But other key performance indicators are in the green, Battley notes. The company’s gross margin on cannabis net revenue was steady at 58 per cent and the cost of production came down 25 per cent to 85 cents per gram, a milestone the company long predicted.

Based on these returns, Aurora says it would need to generate $130 million of revenue to become profitable, less than half the total that would be required by a comparable company earning lower margins.

The company said it is preparing to supply new products, referred to as Cannabis 2.0, that have recently become legal that it says will help to reduce the illegal market.

An employee at Edmonton's Aurora Sky facility checks on marijuana plants, in Friday July 26, 2019. Aurora and the UFC have announced the launch of a clinical research study on the use of CBD by MMA athletes. David Bloom / Postmedia

“I’m excited as hell about 2.0,” said Booth. ”I know I’m supposed to be told be conservative, Terry, but I really am pumped about how Aurora has done its job and getting ready for 2.0. And all indicators from our retailers, from our provinces, from Health Canada and all the little hints that you hear says that Aurora is at the top of that pack as well. So we’re pretty pumped.”

Aurora Cannabis Inc. is halting construction of two production facilities to save over $190 million as part of a plan to strengthen its balance sheet.

“Until the retail infrastructure expands and until the demand increases, it’s very valuable for us to have that flexibility to be able to hit pause on some of our production capacity,” said Battley.

The Edmonton-based cannabis producer says it will immediately cease construction of its Aurora Nordic 2 facility in Denmark to save about $80 million over the next year.

The company, headquartered in Edmonton, released its financial results late Thursday, reporting net revenue of $75.6 million for the quarter ending Sept. 30, compared to $94.6 million in the previous quarter.

The company will also indefinitely defer completion of construction and commissioning at its Aurora Sun facility in Medicine Hat, Alberta to conserve $110 million.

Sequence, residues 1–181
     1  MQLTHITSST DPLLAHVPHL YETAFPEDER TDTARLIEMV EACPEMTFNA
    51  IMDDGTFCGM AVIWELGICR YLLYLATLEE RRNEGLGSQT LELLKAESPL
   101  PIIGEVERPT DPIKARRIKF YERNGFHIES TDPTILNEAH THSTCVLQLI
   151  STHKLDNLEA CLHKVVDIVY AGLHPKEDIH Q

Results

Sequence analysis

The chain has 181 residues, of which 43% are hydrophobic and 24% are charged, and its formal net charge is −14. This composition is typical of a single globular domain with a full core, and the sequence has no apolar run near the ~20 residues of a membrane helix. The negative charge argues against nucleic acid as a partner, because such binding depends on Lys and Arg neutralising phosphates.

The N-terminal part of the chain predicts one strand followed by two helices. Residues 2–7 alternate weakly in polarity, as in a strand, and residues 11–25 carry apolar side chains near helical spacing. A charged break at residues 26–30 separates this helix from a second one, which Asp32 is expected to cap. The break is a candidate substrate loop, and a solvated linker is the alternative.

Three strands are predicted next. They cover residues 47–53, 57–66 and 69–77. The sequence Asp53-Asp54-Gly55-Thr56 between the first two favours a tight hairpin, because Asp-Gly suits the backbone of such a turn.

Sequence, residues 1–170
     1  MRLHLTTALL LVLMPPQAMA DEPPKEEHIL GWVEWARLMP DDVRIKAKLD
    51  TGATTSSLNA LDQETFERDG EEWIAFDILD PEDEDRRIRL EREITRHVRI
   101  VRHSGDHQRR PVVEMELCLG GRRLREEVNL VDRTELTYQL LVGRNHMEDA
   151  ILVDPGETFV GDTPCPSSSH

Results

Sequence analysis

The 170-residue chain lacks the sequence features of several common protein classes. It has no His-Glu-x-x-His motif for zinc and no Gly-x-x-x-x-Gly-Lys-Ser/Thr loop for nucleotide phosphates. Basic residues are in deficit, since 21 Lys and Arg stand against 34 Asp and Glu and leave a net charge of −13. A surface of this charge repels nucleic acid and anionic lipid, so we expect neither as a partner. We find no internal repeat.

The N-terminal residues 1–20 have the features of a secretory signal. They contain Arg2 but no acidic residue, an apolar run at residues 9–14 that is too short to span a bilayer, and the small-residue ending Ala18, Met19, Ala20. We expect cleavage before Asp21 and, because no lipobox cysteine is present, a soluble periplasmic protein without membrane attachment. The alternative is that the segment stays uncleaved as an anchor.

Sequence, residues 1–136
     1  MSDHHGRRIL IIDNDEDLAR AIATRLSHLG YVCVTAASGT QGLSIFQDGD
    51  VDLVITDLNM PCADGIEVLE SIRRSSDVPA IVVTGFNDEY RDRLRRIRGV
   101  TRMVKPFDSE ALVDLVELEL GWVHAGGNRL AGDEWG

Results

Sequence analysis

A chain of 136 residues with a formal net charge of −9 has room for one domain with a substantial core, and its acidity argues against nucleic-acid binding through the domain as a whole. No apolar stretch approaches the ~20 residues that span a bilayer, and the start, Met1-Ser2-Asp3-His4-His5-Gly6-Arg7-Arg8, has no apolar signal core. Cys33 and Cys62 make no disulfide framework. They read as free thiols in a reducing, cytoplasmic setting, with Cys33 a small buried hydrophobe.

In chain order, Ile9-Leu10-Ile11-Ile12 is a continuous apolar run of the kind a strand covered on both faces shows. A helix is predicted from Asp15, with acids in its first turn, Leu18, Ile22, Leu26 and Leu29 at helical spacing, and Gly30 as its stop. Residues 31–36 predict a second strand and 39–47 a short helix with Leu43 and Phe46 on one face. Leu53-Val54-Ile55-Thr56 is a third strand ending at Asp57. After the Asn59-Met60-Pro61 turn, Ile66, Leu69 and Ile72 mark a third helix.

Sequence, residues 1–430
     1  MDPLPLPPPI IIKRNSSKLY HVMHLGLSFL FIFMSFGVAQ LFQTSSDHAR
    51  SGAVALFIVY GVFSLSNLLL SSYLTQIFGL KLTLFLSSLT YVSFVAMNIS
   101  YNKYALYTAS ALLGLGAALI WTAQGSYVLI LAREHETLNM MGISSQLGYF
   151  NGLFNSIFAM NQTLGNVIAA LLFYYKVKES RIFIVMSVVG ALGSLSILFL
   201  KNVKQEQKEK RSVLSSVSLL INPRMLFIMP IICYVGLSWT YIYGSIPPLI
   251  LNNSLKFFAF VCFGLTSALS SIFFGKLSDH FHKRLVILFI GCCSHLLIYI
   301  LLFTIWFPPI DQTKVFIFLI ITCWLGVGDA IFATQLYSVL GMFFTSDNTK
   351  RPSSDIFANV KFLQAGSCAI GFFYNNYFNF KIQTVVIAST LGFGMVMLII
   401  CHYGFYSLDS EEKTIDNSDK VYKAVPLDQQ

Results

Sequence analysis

Once completed, the Aurora Sun facility will be the size of 21 football fields and 50 per cent larger than its "Aurora Sky" operation at Edmonton International Airport.

“We’re timing it correctly. To be able to hit that pause button and then switch it back on the minute the demand justifies it is a very, very valuable element of flexibility for us.”

The first planting in Medicine Hat was expected to take place in the first half of 2019, with completion initially slated for the second half of the year.

In what Battley describes as an “intelligent and rational move,” the company is “pressing pause” on the construction of its Aurora Sun facility in Medicine Hat.

Once in operation, Aurora said the new facility would boost its total capacity to more than 430,000 kilograms per year.

“That is telling the story of a long-term sustainable business model and that’s what everyone in the sector is striving for,” Battley said.

The construction halts come as the company reported net income of $10.4 million for the quarter ending Sept. 30, compared with net income of $104.2 million for the same quarter last year.

It says net revenue was $75.3 million for its first quarter of fiscal 2020, up from $29.7 million for the same quarter last year, but down from the $94.6 million in the fourth quarter ended in June.

Aurora is very much an agricultural business and hopes there will be an opportunity to discuss the decision with the province, said Battley.

Aurora says it produced 41,436 kilograms in the quarter, up from 29,034 in the last quarter. It will consider restarting development at the two facilities as demand develops.

"With the work completed to date, both the Aurora Nordic 2 and Aurora Sun facilities are now fully enclosed," reads a company news release.  

"The Company expects to have at least six flower rooms completed and in operation at Aurora Sun in 2020, for a total of 238,000 square feet.

"As global demand develops, or as Aurora's market share in the global cannabis market increases, we will reactivate these projects."

The company currently operates facilities in Mountain View County, Alta., and in Pointe-Claire on Montreal's West Island. It is also completing a facility in Lachute, Que.